In Thucydides' History of the Peloponnesian War, war brings along with many negative elements for a society.These negative effects are seen very clearly in Athens during the Plague and in Corcyra during the civil war.Lawlessness, dissipation of religion and acts of treason are among these effects that are seen by Thucydides in his accounts.He tries to inform his reader on the horrifying effects that a war has on a society, and does so clearly using Athens and Corcyra in their times of desperation.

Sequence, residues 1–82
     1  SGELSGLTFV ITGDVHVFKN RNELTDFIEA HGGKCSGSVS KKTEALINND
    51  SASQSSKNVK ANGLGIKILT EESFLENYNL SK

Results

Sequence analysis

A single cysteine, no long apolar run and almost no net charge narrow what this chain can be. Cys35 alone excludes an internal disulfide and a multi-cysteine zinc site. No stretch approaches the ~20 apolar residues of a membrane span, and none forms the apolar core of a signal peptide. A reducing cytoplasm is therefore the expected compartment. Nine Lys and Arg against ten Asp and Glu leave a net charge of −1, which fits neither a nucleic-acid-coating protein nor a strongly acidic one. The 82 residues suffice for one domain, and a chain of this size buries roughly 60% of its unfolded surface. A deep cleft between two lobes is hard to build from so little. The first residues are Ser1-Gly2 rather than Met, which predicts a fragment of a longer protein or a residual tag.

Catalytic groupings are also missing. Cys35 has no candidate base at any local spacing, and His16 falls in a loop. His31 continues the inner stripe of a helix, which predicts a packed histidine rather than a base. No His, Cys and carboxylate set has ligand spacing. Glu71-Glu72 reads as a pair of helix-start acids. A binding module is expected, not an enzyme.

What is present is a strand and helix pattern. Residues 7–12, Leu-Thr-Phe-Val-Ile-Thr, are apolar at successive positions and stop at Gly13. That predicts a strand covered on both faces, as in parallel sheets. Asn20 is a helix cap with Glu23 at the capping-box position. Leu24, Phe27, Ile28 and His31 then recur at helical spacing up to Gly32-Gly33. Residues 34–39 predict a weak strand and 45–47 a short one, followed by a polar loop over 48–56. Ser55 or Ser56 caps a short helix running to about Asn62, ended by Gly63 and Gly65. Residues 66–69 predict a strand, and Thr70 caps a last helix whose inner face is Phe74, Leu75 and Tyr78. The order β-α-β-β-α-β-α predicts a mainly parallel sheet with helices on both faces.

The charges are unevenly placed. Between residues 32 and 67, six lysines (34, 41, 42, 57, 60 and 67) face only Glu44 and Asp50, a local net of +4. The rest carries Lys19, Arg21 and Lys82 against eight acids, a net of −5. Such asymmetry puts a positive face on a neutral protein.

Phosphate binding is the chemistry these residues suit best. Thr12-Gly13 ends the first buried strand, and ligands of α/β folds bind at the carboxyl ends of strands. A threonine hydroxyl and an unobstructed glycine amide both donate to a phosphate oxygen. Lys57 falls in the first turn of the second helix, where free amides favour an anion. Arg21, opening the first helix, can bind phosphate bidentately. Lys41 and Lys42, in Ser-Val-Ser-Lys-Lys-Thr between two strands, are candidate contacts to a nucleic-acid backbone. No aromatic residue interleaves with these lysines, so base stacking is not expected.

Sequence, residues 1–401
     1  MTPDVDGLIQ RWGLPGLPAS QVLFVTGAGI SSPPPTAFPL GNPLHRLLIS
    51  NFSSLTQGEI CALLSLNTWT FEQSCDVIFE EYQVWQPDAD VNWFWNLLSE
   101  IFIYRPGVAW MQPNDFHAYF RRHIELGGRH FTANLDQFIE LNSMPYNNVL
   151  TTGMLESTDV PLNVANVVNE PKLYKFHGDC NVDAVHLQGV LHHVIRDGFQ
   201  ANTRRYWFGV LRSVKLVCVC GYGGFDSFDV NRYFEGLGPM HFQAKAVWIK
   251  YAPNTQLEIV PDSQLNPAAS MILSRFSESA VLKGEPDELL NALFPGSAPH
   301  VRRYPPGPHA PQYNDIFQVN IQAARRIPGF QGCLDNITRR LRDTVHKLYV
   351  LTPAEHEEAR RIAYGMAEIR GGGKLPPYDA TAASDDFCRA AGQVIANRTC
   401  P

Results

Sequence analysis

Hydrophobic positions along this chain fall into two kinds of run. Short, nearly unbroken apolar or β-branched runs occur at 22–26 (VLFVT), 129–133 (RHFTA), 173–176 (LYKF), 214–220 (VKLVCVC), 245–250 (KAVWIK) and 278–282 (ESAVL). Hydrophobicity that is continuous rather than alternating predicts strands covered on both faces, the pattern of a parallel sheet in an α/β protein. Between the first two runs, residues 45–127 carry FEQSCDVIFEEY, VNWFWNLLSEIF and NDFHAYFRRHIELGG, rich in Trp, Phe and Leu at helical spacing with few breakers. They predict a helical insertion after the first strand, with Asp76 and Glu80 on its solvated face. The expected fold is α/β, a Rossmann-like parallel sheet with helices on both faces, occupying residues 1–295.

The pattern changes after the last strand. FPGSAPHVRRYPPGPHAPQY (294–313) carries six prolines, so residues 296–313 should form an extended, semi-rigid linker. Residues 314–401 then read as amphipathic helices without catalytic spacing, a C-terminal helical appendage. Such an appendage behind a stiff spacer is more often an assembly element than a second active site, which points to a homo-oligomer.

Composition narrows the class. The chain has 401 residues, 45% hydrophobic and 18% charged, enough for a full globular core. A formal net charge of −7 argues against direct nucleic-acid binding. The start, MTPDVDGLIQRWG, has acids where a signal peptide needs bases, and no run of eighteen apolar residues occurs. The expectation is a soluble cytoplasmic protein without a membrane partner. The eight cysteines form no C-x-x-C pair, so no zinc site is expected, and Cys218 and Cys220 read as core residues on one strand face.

As the great power of Athens was subjected to the plague, Athenians inside as well as outside the walls surrounding the city began to lose hope.Although perhaps they were content about this atfirst, for the day the plague broke out the Spartans retreated under the command of King Archidamus.But this notion of content is quickly dismissed as the severity of the plague increases rapidly.Thucydides uses the plague as a metaphor for war, it shows up usually out of no where and worsens with time.While the plague lowered the enthusiasm the Athenians had built up during Pericles' funeral oration, the war brings down people in the form of their lives.Thucydides uses the plague as a perfect example because its effects are so similar to that of a war, and because while the plague is taking place, Athens is at war with Sparta.People change completely, their attitudes and their faith.Long-term thinking is abolished and short-term thinking is brought about.No longer are the Athenians worried about their future, and how they will and can prosper later on in life, they are only concerned with this very moment.What can they do now, that will help them now.Just as in war, the citizens of Athens need to find someone to blame all these atrocious events on, and who better than Pericles.After all, he was the one that got the Athenians into this mess in thefirst place, wasn't he?Th